Insider has great advice on keeping track of who’s bringing what into the apartment so as to not end up with doubles or triples. We’re taking that advice a little further, and want to mention how important it is that new things we want to bring into the apartment are also discussed. Furniture, art, kitchen gear, and other knick-knacks are fun, but only as long as they aren’t taking over. Consulting with each other over what’s brought into the space after the initial move-in date is a conversation that’s worth revisiting every once in a while.
If prior to the big move-in this was a solo living situation, there’s no doubt that cleaning is going to be an adjustment. Psychology Today says, “when it comes to chores, we’re often blind to what others do and acutely aware of our own contribution…So decide what you want to do and state out loud or record on paper what [has been] done.” Not only will this keep your anger from rising regarding those dishes that suddenly are now never clean, but it will also help the partner see where they can start pitching in and picking up the slack.
Despite what we said above, it’s not really practical to give up on all of the cleaning duties. Insider mentions that it’s a good idea to split up the chores based on who’s more likely to do what. We’ve found that it also works to embrace a schedule and to have a day set for cleaning. Sometimes it even turns into a weird chore-infused date day! By creating a schedule and making the expectations known off the bat, we’re willing to bet that cleaning will never be a problem again.
Both Elite Daily and Business Insider mention in their articles how important it is to continue to plan date nights. In fact, almost every article we researched mentioned that planning date nights is still important. While it might feel like there’s a whole lot of couple time happening, it’s actually not as much as it feels like. Doing separate things in the same space and then binging on Netflix every night isn’t exactly quality togetherness. Plan date nights, and keep reminding yourselves that this isn’t just living together; this is enjoying life together.
We can’t be the only ones with this pet peeve, right? Clipping toenails anywhere other than the bathroom is a little gross, and we can’t stand those that think it’s appropriate to do it anywhere else. While it might not be a make-or-break thing, clipping toenails is something that can quickly get under the skin of another person. Insider mentions many times over how the apartment is now a shared space. Start breaking those unsavory toenail habits now before the big move-in day; everyone will be happier.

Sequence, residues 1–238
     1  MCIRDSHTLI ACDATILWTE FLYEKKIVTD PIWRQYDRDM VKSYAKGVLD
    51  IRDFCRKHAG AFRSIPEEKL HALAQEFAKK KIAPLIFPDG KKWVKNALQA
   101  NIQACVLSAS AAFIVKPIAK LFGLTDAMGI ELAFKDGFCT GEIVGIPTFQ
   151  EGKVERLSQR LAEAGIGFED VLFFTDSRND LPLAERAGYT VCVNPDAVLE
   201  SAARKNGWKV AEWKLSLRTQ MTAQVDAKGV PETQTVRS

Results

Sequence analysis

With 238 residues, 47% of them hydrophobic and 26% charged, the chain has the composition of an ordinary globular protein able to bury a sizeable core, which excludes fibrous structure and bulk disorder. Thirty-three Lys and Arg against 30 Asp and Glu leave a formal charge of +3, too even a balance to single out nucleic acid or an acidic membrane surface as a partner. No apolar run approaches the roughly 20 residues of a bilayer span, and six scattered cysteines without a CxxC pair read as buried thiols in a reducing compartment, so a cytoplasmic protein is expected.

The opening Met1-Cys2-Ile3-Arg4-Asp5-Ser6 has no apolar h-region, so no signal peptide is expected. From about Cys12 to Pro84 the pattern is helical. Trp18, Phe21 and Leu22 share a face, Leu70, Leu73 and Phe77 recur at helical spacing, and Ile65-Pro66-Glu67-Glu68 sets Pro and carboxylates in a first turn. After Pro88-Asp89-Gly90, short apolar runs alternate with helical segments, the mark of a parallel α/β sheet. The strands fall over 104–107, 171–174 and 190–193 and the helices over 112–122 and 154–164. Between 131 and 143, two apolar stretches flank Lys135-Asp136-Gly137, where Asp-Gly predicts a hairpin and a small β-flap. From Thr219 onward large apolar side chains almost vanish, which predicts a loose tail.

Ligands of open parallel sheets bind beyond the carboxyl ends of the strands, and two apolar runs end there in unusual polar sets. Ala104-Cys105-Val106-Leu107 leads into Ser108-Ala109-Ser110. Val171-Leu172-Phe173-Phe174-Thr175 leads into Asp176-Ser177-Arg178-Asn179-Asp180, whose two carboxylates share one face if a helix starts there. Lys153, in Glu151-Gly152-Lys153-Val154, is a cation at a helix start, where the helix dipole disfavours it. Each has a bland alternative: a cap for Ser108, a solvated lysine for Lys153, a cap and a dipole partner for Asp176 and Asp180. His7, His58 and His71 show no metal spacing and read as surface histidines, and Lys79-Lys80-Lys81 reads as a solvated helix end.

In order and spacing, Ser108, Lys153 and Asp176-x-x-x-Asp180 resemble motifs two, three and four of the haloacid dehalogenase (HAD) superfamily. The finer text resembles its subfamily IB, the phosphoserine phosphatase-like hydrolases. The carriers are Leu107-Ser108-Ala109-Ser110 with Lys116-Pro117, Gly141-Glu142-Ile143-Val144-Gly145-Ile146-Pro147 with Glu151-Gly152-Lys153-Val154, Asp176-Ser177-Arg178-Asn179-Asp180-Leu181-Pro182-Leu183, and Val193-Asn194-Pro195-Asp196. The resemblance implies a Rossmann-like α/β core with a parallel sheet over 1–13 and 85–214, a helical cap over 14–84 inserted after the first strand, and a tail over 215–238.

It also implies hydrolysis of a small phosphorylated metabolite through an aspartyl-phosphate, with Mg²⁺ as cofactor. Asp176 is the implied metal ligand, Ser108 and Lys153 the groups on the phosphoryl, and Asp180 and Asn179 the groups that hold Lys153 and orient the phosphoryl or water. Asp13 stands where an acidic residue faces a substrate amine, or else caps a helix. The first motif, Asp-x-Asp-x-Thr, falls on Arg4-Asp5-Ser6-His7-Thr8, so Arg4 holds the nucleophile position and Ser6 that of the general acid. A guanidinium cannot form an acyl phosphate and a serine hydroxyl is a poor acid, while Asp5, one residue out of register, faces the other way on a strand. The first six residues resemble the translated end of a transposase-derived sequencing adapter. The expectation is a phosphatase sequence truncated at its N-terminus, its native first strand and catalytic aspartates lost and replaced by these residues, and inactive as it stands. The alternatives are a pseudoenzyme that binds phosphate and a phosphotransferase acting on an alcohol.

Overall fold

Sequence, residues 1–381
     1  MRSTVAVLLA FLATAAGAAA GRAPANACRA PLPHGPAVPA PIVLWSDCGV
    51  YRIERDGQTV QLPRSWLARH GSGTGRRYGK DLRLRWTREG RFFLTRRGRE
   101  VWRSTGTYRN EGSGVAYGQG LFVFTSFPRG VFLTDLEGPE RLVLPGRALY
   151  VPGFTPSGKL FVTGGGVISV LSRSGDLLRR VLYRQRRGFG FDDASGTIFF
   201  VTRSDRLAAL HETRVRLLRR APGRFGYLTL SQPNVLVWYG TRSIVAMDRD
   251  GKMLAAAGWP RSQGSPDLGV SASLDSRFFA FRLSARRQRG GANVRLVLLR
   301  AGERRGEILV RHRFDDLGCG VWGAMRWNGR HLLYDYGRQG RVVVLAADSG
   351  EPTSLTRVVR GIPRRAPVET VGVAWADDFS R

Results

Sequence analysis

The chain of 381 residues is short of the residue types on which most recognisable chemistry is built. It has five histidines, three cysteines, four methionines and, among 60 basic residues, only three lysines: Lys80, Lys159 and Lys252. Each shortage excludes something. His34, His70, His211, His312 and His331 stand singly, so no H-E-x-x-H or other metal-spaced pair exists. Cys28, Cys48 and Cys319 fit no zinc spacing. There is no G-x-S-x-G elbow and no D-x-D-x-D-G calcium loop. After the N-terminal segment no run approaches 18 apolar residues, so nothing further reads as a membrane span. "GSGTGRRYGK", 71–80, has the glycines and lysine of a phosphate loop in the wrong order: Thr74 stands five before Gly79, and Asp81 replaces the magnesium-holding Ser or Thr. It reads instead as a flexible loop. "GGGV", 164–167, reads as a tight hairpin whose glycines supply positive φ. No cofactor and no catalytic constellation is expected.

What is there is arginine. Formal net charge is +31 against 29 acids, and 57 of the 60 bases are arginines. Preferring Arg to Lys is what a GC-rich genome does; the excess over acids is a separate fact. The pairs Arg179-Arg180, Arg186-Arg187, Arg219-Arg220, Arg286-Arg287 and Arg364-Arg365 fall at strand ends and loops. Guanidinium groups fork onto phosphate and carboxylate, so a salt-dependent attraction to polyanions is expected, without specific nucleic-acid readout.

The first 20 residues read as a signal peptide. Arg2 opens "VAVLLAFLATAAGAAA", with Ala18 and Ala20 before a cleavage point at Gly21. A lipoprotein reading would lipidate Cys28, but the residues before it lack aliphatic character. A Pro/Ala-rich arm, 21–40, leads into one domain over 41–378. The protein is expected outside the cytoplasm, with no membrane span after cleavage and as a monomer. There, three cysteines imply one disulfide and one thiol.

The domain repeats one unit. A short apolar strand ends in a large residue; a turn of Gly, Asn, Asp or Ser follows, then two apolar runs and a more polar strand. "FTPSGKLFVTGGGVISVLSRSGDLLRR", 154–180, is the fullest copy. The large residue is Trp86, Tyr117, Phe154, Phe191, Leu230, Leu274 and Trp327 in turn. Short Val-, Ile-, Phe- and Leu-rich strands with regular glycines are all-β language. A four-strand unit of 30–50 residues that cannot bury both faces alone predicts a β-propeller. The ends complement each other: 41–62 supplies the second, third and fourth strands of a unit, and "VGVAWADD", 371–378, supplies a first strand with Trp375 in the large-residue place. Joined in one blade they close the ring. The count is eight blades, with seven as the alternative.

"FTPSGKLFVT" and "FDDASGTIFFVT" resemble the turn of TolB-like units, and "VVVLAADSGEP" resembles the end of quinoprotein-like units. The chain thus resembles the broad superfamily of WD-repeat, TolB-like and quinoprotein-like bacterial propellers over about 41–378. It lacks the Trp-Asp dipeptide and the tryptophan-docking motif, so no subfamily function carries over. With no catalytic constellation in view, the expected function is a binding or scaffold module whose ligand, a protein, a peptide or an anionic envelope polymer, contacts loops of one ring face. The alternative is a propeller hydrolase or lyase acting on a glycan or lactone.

Everything is on full display when moving in with someone. That’s obvious though, isn’t it? As Business Insider points out, “by the time you’re ready to move in with your partner, [we] should be way past the stage of trying to seem like a perfect, superhuman version of [ourselves] and be comfortable showing [the] less amazing sides.” Watching 7 hours of Diners, Drive-Ins, and Dives on days off? That’s just not a secret anymore. Maybe it’s time to relegate those questionable TV choices to “me time” kind of nights.
Once again, this is a personal tip we came to realize when we moved in with our partner. Embracing a partner’s interests is great… That is until we have to sit through a superhero movie marathon and it feels like the longest 6 hours of our life. If anyone out there likes superhero movies, great. Feel free to watch any and all of them. For many of us, however, it’s time to stop pretending like we like some of our partners’ interests. Keep supporting them, of course, but be clear that superhero movies are not your jam.
For some reason showering always feels like a struggle. Maybe it’s the fact that many of us have elaborate shampoo and conditioner routines that make it impossible to be in and out in under 6 minutes. Maybe it’s the fact that drying our hair makes any shower stretch out an extra half an hour. Whatever it is, Elite Daily knows that we don’t like showering. They also know that that’s not exactly a great way to cohabit with a beau. Drop that no-shower habit like it’s hot, and embrace the new routine.
Psychology Today talks about how a relationship works the best when both are retaining a level of independence. They say, “separate experiences and friendships are what make you unique, so keep them in your life after the move.” Honestly, we have to agree. The last thing on our list isn’t a “don’t,” but rather a reassurance that yes, we do get to keep our independence alive after we move in with a partner. While it might be hard to get off the couch sometimes, make it a priority. Your friends will be grateful, and the relationship will flourish.